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Showing posts from July, 2007

Alerting Users in your FoxPro Application

Every application needs a way of notifying users about something. The first "something" that may come to mind is an error, which unfortunately, needs a very special kind of alert or handler. But there are lots of other events that users need to be aware of, whether you as the developer plan for them or not. In January 2007 issue of FoxPro Advisor, Mike Lewis wrote about a forced system shutdown "event" that would let administrators get all users out of the system. If you are running a process that may take a while, you might need to let users know when it has been completed. If you have a large application, there could be many events that require user notification. Perhaps worse, there may be many events that your users could have reacted to, "if only they had known" before something was happening. Some applications rely on reports to display this information – but why waste paper when you can simply alert users to an event?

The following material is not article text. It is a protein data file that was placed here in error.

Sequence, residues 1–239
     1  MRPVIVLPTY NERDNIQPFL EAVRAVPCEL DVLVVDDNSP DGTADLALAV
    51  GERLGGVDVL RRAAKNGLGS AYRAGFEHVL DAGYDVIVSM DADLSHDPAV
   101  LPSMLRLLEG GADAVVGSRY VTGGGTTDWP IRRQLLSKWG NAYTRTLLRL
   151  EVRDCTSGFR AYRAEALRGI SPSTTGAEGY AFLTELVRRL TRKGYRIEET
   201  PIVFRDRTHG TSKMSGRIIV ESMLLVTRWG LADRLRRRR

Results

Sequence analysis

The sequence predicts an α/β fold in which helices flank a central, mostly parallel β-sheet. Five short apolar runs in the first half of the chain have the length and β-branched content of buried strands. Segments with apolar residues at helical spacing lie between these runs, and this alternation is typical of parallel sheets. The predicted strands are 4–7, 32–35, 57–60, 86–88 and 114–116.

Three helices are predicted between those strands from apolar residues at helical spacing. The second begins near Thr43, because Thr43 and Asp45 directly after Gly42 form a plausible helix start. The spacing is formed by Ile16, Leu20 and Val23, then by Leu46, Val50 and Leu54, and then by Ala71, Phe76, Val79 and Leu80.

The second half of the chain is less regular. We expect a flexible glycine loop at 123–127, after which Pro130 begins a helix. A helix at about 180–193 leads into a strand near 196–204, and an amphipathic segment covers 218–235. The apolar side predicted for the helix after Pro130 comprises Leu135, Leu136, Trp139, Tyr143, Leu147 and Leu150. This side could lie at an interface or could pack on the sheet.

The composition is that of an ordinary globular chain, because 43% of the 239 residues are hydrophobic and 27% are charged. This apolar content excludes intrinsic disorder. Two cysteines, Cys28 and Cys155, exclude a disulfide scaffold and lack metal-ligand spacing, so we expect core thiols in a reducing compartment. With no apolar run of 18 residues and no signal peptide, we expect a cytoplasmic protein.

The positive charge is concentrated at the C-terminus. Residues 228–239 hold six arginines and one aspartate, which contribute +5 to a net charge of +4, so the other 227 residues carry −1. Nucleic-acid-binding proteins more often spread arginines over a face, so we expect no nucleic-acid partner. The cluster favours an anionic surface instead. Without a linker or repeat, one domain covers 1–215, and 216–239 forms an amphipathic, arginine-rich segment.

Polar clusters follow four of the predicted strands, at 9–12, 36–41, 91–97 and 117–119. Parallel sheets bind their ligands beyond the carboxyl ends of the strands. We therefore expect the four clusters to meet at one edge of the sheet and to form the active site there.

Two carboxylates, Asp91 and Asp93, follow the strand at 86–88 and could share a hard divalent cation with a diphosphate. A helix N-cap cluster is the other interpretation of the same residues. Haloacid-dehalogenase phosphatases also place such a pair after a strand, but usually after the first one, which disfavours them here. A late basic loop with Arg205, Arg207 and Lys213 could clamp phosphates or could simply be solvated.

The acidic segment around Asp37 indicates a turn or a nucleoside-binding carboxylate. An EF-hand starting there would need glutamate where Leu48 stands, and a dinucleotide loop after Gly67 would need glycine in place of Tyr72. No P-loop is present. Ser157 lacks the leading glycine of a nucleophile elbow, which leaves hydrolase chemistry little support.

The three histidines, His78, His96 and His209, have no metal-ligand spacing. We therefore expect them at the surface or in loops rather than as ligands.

Refactoring in Visual FoxPro

(this article was written prior to the Code Analyst but identifies the origins of where this tool came from)
With the sheer number of functions, commands and tools available within Visual FoxPro, it's easy to find more than one way to do the job.

So multiply the number of ways by the number of developers on your team, and it's pretty easy to see why code maintenance is pretty important.

Refactoring is about making code more useable (not changing the functionality but making it easy to understand and maintain).

This article presents 3 core concepts:
1 - Never Use Keywords for variable or field names
2 - Use the most recent functions where appropriate
3 - Encapsulate, encapsulate, encapsulate